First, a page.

Gi kareran kabåyo, ha li'e' si José na si Påle' ha bendise si kabåyo numero dos,
(At the horse race, José saw that Father blessed horse number two,)
pues ha aposta si José salape'-ña gi ayo na kabåyo ya magåhet na mangånna!
(so José bet his money on that horse and truly he won!)
Pues ha li'e' si Påle' na ha bendise kabåyo numero sais.
(Then he saw that Father blessed horse number six.)
Ha aposta salape'-ña gi kabåyo numero sais ya mangånna ta'lo!
(He bet his money on horse number six and won again!)
Ha li'e' si Påle' na ha bendise kabåyo numero tres.
(He saw that Father blessed horse number three.)
Ha aposta todo i ginanå-ña na salåppe' gi kabåyo numero tres
(He best all his winnings on horse number three)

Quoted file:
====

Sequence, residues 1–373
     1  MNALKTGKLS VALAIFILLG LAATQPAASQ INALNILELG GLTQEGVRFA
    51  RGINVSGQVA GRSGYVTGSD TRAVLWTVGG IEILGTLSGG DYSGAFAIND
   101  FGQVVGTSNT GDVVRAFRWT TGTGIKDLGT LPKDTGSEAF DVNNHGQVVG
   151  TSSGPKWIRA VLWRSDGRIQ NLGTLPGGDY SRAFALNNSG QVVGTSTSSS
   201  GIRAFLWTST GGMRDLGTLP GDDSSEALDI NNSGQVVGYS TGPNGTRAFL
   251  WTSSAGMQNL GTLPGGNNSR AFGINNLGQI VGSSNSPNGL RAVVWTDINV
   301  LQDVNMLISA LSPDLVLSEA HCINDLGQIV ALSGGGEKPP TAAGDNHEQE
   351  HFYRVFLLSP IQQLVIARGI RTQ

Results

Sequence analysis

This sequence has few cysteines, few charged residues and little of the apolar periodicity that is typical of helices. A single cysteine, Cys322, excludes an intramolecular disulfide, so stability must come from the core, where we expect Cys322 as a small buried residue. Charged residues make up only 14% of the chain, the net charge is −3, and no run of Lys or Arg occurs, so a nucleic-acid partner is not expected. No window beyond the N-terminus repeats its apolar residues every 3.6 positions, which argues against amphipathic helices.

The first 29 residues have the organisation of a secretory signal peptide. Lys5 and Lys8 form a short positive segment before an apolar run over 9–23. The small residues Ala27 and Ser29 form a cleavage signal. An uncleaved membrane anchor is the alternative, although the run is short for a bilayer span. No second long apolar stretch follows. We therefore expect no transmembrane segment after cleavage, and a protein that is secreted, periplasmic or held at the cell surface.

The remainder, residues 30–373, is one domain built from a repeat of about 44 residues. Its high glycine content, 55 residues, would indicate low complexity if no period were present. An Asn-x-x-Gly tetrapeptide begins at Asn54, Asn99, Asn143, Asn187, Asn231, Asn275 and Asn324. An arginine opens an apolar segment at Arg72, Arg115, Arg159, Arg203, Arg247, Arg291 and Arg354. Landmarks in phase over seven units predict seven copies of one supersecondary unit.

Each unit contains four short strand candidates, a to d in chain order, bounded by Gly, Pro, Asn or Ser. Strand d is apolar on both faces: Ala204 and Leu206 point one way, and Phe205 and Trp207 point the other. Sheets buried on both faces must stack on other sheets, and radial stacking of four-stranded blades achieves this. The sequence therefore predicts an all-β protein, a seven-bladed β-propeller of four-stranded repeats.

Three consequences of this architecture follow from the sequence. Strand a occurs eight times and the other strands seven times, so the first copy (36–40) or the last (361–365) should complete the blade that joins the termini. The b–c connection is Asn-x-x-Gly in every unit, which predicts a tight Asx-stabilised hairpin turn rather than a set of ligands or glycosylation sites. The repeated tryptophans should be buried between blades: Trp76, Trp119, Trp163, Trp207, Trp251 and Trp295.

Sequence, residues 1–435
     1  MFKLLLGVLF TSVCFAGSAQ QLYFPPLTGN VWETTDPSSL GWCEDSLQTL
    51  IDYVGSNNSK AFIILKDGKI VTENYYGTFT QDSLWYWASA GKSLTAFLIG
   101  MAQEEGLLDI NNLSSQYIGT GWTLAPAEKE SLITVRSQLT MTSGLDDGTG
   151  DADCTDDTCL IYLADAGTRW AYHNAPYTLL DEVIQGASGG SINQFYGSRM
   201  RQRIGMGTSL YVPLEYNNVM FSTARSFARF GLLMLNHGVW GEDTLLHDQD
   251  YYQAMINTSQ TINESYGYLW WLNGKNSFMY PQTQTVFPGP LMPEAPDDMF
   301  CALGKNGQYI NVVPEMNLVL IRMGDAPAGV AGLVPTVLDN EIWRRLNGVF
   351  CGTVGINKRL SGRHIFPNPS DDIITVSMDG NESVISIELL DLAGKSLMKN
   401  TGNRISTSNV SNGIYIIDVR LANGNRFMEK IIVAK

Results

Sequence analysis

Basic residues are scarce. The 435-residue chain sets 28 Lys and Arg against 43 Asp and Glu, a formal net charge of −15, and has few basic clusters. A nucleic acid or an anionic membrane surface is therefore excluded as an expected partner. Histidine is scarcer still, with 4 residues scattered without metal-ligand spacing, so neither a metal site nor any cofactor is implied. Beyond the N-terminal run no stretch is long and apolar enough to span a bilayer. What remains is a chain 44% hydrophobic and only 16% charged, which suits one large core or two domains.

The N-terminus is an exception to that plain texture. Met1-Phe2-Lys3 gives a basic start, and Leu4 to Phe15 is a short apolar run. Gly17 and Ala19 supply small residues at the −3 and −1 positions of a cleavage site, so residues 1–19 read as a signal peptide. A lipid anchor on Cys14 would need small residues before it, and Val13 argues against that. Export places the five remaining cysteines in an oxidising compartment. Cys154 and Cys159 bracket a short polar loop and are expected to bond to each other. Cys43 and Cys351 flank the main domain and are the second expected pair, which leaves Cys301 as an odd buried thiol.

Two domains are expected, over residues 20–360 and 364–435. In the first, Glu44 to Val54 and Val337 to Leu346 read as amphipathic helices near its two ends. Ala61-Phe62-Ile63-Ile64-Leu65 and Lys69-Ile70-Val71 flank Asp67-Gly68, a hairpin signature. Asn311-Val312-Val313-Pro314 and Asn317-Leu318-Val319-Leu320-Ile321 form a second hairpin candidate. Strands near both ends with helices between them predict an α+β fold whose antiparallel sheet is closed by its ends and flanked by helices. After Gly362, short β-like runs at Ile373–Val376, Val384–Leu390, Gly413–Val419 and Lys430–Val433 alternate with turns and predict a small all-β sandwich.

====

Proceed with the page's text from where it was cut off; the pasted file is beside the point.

lao ai sa' guiya na kabåyo i uttimo gi karera!
(but oh that horse came in last in the race!)
Lalålo' si José pues ha faisen si Påle', "Håfa na un bendise i kabåyo numero tres
(José was angry so he asked Father, "Why did you bless horse number three)
lao guiya uttimo gi karera!"
(but he was last in the race!")
"Lahi-ho," ilek-ña si Påle'. "Ti hu bendise ayo na kabåyo na hu Såntos Oleos!"
("My son," Father said. "I didn't bless that horse; I gave it the Last Rites!")
* Såntos Oleos literally means the "Holy Oils" and it is used in the Last Rites to spiritually prepare a person for death. Of course, it's just a joke. Priests do not give animals the Last Rites.